OpenJDK is an open-source implementation of the Java Standard Edition (Java SE) and JDK. It’s the source code of OpenJDK that builds the basis of all the commercial Java products, including Oracle JDK. OpenJDK is publicly available under the GNU General Public License.
The OpenJDK package is directly available from the official Fedora repo. It contains all the major Java versions. At the time of writing this article, OpenJDK is available for Java 8, Java 11 (LTS), and Java 15 (latest).
To get a list of all the available OpenJDK versions, run the following command.
It’s recommended to go with the long-term release. In this example, the following command will install Java 11, the latest LTS release. There
To install the latest Java, run the following command. Note that this command applies to any latest Java release. As of now, the latest Java version is Java 15.
Verify the installation.
While the default OpenJDK is fine, AdoptOpenJDK offers more features and flexibility for everyone. There are two ways to install AdoptOpenJDK.
Install AdoptOpenJDK from the archive
First, grab the appropriate version of AdoptOpenJDK. Check out AdoptOpenJDK latest releases page.
Extract the archive.
Add the location of the newly extracted directory to “PATH.” To make it a permanent change, add the line to bashrc.
$ export PATH=/home/viktor/Downloads/jdk-220.127.116.11+1/bin:$PATH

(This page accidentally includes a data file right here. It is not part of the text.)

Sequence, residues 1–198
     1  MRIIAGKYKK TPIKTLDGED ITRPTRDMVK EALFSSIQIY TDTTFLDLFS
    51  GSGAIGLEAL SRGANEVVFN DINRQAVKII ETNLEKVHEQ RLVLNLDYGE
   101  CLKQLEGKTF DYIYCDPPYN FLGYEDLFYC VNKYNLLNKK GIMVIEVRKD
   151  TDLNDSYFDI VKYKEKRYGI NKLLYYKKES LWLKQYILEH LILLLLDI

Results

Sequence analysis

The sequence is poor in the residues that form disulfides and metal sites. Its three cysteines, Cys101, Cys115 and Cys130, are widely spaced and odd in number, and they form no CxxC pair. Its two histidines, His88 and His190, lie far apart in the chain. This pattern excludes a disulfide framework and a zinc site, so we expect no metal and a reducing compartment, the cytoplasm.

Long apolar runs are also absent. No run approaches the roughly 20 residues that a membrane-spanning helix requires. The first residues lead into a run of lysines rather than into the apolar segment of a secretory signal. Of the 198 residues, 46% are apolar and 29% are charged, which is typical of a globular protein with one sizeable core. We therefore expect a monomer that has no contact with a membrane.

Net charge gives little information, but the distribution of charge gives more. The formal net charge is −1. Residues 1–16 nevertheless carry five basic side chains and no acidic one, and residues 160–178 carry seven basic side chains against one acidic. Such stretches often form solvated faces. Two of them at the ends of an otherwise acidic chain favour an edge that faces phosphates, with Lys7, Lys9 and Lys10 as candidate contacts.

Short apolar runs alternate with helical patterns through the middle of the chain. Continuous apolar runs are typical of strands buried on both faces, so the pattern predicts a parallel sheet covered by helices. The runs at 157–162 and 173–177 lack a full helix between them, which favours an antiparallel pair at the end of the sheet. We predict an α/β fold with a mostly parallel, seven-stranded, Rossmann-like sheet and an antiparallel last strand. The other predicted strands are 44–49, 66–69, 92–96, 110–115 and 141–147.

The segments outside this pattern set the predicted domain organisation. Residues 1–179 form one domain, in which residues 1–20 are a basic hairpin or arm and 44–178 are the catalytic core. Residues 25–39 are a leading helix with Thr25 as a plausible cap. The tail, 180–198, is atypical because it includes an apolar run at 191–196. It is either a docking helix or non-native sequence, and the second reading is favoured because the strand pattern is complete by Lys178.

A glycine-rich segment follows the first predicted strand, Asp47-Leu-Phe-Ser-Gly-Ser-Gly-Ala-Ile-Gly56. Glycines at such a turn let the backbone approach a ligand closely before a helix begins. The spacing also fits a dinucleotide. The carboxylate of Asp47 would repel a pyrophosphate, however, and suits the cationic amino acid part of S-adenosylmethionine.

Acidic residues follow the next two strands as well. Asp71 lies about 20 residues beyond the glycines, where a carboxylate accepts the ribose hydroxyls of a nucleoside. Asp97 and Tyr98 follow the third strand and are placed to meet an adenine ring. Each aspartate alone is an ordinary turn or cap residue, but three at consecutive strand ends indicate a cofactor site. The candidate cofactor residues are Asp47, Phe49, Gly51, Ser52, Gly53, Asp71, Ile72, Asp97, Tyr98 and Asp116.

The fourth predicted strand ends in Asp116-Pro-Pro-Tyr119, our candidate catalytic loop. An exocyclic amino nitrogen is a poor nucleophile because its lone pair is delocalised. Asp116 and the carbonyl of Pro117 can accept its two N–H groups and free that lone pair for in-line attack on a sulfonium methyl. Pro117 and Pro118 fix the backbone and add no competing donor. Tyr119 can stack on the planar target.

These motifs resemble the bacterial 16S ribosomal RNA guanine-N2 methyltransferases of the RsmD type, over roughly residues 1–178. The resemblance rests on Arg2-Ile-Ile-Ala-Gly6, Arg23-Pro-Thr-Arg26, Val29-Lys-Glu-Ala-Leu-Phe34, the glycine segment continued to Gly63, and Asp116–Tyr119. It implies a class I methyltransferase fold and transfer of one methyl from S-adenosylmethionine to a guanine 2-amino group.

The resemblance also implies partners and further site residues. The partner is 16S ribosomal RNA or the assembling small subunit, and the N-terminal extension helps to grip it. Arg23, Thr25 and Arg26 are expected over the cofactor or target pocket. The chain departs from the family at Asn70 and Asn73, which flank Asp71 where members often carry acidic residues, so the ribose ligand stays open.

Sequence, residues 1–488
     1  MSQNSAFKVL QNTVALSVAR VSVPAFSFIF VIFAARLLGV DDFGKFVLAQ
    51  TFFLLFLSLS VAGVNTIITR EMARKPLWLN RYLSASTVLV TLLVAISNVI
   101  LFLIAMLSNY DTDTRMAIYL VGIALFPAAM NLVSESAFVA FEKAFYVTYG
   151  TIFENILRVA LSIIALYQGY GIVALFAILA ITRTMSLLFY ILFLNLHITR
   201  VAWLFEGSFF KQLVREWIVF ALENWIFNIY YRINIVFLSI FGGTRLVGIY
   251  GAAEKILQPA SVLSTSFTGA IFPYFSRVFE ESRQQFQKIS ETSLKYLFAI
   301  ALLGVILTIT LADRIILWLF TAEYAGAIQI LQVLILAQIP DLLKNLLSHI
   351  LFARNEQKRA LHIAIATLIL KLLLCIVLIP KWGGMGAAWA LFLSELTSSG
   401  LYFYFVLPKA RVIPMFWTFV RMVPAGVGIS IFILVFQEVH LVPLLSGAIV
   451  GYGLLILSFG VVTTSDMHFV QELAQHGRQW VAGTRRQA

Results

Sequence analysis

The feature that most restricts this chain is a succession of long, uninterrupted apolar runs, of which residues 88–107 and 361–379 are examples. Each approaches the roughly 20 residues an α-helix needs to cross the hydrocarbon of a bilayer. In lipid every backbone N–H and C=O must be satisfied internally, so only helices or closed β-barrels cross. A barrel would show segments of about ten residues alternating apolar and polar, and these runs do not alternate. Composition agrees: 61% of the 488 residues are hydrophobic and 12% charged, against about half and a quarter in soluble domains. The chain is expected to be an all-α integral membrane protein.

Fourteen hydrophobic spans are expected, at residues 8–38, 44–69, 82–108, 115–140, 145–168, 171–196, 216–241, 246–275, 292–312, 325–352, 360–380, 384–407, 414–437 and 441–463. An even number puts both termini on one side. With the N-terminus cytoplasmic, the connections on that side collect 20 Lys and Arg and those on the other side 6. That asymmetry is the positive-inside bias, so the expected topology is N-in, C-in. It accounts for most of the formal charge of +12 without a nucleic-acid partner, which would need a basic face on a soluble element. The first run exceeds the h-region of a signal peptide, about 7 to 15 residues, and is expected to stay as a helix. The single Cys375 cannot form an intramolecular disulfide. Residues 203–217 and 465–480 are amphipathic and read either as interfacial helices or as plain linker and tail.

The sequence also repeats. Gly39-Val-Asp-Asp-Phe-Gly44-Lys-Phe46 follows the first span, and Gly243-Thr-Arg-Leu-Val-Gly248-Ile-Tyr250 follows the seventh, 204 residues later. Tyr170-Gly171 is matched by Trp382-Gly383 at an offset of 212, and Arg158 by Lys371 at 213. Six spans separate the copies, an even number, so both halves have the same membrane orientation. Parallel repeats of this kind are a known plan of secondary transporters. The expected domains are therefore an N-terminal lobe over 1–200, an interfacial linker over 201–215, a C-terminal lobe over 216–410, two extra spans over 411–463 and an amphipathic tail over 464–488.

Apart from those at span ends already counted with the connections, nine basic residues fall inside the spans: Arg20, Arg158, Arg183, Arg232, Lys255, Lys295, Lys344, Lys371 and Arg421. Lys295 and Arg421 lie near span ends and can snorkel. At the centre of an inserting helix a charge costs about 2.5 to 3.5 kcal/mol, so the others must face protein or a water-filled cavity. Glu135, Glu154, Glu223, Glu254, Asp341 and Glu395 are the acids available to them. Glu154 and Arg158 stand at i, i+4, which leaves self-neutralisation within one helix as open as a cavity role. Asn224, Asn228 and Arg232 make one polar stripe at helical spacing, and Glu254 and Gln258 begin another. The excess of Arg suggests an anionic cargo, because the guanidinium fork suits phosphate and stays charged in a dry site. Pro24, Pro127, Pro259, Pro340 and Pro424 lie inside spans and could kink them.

Verify that the installation was successful.
$ javac -version
Install AdoptOpenJDK RPM
This is the recommended way of installing AdoptOpenJDK. Instead of manual installation, it’s better to let the package manager do the job.
Downloading the RPM package for Fedora is not intuitive. First, go to the link that hosts AdoptOpenJDK RPM packages for Fedora.
Select the current version of Fedora your system is currently running. In my case, it’s Fedora 33.
Go to the “x86_64” folder.
As we’re interested in grabbing the RPM package, select the “Packages” folder.
Download the AdoptOpenJDK RPM package of your choice. The packages are named after their Java version, JVM type, etc. As we’re going for the JDK, skip grabbing any JRE package.
Once downloaded, install the RPM package.
Install AdoptOpenJDK using SDKMAN
SDKMAN is an interesting solution to manage parallel versions of multiple SDKs. It’s a tool that’s designed for UNIX-based systems. It offers a convenient CLI and API for installing, switching, removing, and listing SDKs.
Besides JDK, SDKMAN supports tons of SDKs. Check out SDKMAN supported SDKs.
Installing SDKMAN is quite simple. Just run the following command.
Follow the on-screen instructions to complete the installation. Once finished, restart the terminal and run the following command to load SDKMAN.
Verify that SDKMAN is successfully installed.
The following command will list all the available JDKs that can be installed using SDKMAN.
In my case, the following command will install AdoptOpenJDK 11 (LTS).
SDKMAN will ask whether to set it for default. If there’s no other version installed, then SDKMAN will set it as the default.
For more in-depth use of SDKMAN, check out the official SDKMAN usage guide.
Installing JDK is a must for those interested in working with Java. Follow the method that suits you the best.
New to Java programming? Here’s a quick list of Java tutorials for you to get started.